(Greg Fiume/Getty Images)

“I think that was the biggest thing,” Harper said. “When I got to L.A., I got really comfortable. In Triple A, it was like, ‘God, I got to prove. I got to do stuff to get back up to the big leagues.’ I wanted to be there so bad. Once I got up here, it was like a calm went over my body. You’re here. Just play your game like you know how to play.”

When the Nationals flew back from Los Angeles yesterday, Harper made his third trip to Washington, having visited previously for his introductory news conference and last year’s FanFest. He wanted to see the Lincoln Memorial, and two teams playing softball on the Mall recognized him. “They see the rat tail and the tattoos,” he said. “I think they can notice that.” Suddenly, Harper’s sight-seeing jaunt had been interrupted.

“I was just walking around a little bit, checking out all the stuff,” Harper said. “I hadn’t seen the Lincoln Memorial before. I was checking that out. I was just walking through and they asked me if I would take a few hacks. I was like, ‘Nah, I don’t know about that.’ They were like, ‘Come on!’ So I was like, ‘Alright, no problem.’ I hung out a little bit.”

In Los Angeles, Harper wondered if it would sink in that he was now a major leaguer. Coming to Washington and spending his day off walking around the city, he said, allow that to happen.

“I loved it,” Harper said. “I thought it was awesome. I think everything in this city is really cool. Seeing the White House, the Jefferson Memorial, all that kind of stuff. I don’t think you could play in a better city, everything that happens here every single day. It’s just going to be a great place to play.”

The question now is whether Washington will be home to stay. Harper deflected any such questions, saying he wanted to enjoy his time and focus on every game. (He can be a great quote, but knows also when to turn to cliché.)

General Manager Mike Rizzo will monitor his progress and make a decision when third baseman Ryan Zimmerman and other injured players return. Rizzo wanted to keep Harper in the minors for 250 to 350 at-bats, but his performance could cut those plans short.

“If he’s ready mentally, emotionally and physically to stay here, then he’ll stay,” Rizzo said. “He may change the developmental plan for us.”

Harper’s teammates and his manager, after two impressive games in Los Angeles, believe he’s here to stay. Well, Manager Davey Johnson wouldn’t go that far explicitly. But he couldn’t stop raving about the 19-year-old he advocated to make the major league roster.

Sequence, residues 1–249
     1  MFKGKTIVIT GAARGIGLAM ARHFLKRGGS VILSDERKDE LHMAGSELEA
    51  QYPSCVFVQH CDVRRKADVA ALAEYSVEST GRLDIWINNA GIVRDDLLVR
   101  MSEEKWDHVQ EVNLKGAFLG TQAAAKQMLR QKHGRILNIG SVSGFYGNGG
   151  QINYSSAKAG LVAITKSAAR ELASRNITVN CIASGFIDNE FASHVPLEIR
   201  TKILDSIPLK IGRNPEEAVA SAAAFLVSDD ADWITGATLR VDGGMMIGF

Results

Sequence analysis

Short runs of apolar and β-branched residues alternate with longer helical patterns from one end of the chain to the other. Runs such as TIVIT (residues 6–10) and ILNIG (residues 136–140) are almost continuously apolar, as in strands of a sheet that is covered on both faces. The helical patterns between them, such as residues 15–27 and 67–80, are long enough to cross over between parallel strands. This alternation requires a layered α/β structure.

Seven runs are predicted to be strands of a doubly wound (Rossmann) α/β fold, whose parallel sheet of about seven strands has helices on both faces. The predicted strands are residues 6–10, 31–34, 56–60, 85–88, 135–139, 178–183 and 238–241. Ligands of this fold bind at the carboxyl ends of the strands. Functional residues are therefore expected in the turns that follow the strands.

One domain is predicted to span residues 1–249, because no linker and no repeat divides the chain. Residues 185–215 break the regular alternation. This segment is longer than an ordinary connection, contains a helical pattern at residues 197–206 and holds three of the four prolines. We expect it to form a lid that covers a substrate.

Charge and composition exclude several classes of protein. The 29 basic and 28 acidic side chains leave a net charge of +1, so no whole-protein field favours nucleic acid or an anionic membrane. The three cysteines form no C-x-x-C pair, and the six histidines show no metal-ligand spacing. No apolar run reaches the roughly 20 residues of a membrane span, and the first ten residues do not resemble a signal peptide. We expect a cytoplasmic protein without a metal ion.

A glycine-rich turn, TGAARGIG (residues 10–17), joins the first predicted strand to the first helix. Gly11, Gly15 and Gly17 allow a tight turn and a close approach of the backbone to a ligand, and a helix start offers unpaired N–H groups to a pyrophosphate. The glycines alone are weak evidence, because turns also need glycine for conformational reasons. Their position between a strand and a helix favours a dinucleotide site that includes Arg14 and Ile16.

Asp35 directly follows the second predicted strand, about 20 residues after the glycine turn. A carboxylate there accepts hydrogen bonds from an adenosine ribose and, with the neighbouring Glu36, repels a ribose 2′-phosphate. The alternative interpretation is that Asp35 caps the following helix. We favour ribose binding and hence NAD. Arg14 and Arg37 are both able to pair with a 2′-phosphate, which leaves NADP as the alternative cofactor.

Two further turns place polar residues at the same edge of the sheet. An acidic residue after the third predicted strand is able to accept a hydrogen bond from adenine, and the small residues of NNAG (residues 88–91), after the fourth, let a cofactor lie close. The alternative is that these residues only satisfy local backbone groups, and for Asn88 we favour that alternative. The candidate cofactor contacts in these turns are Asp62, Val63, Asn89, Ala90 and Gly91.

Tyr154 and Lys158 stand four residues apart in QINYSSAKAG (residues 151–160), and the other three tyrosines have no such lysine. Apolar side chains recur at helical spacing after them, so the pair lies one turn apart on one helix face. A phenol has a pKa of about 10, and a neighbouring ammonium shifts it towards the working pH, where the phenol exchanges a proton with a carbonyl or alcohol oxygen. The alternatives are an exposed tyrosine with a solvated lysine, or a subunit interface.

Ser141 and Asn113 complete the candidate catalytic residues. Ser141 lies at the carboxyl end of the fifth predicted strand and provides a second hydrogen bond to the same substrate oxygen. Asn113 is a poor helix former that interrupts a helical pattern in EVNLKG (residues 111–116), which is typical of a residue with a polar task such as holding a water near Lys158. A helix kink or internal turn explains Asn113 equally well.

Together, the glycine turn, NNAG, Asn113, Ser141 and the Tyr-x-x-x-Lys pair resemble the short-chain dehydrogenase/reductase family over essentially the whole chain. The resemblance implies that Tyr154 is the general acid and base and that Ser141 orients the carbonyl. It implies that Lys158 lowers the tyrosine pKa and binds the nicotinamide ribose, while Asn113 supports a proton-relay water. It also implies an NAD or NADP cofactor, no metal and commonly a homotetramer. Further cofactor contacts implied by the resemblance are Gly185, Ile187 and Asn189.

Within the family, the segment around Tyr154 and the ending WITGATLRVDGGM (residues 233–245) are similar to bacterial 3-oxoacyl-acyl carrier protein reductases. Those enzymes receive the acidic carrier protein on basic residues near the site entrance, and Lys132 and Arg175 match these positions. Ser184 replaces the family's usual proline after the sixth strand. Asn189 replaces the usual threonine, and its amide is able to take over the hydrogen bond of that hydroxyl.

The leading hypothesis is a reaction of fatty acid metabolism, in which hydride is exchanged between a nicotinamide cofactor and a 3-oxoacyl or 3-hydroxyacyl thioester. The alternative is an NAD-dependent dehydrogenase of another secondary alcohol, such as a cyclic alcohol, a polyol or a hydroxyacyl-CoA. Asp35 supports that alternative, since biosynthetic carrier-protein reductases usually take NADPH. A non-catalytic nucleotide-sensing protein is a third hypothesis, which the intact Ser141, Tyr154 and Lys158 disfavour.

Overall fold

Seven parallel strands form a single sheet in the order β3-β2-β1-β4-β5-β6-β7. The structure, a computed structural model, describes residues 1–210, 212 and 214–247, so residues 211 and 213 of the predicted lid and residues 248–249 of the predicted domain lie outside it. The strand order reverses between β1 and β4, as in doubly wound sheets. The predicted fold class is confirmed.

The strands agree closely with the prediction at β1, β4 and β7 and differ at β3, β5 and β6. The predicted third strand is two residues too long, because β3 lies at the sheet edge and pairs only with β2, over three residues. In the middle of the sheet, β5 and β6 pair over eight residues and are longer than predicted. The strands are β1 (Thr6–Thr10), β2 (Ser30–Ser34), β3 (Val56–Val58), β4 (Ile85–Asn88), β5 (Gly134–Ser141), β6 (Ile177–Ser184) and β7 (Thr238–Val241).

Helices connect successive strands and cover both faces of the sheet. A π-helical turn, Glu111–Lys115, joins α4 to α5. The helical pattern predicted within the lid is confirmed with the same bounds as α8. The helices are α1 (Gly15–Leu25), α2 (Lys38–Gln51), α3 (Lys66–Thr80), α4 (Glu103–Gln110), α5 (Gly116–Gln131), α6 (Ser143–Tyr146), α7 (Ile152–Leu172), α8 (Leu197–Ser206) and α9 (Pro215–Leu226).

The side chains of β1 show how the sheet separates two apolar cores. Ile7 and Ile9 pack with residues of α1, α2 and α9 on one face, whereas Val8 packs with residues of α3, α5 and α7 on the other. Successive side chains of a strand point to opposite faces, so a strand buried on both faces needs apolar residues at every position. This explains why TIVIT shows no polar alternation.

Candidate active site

“He belongs here right now,” Johnson said. “He fits. He gives us a little more left-handed presence in the lineup, which we’ve been looking for. In this game, things can change. The only thing that I’ve been thinking about, really, is how long I hit him seventh. If he keeps having quality at-bats. . . . Even when he hits the ball to shortstop, he can beat the ball out.”

Zimmerman watched Harper in Los Angeles and was not surprised a bit by his powerful, poised performance. His talent, Zimmerman believes, will make Harper a success here and now, regardless of his youth.

“I’ve never been worried about him,” Zimmerman said. “I don’t know why anyone is worried about him. Age is just a number. This game is the same wherever you play. He’s got that special It Factor. It’s not so much his talent. In big spots in games, like his at-bat against Jansen, that’s the hardest thing to get over, is learning to get in big spots and stay inside yourself. He does a really good job of that.”

Harper’s brash on-field attitude has led some to wonder if he would fit in with the Nationals’ clubhouse. That has not been an issue. Harper said he tries to keep his mouth shut in the locker room and seek advice only when offered. His hustle has won over his teammates.

“When he ran max effort on the comebacker in his first a-b, that was pretty fun to watch,” closer Drew Storen said. “It’s just a whole other gear. Like running into the wall – you can tell there’s something different about him. You saw it in spring training. He obviously gains a lot of respect for that. You’ve got a guy who is literally going to run through a wall for you.”

Tonight, Harper will play in front of home fans for the first time. “He’s not just happy he’s here,” Johnson said. “He probably thought, ‘What took so long?’ ” His parents will watch from behind home plate. After a whirlwind on the West Coast, he will feel like a big leaguer for good.

“Once I got here, I think it set in a little bit more,” Harper said. “It’s really going to sink in whenever I run out to left field or wherever I’m playing tonight. When I step in that box and hear the cheers and the loud music, it’s going to be a lot of fun. Those chills are going to come right back.”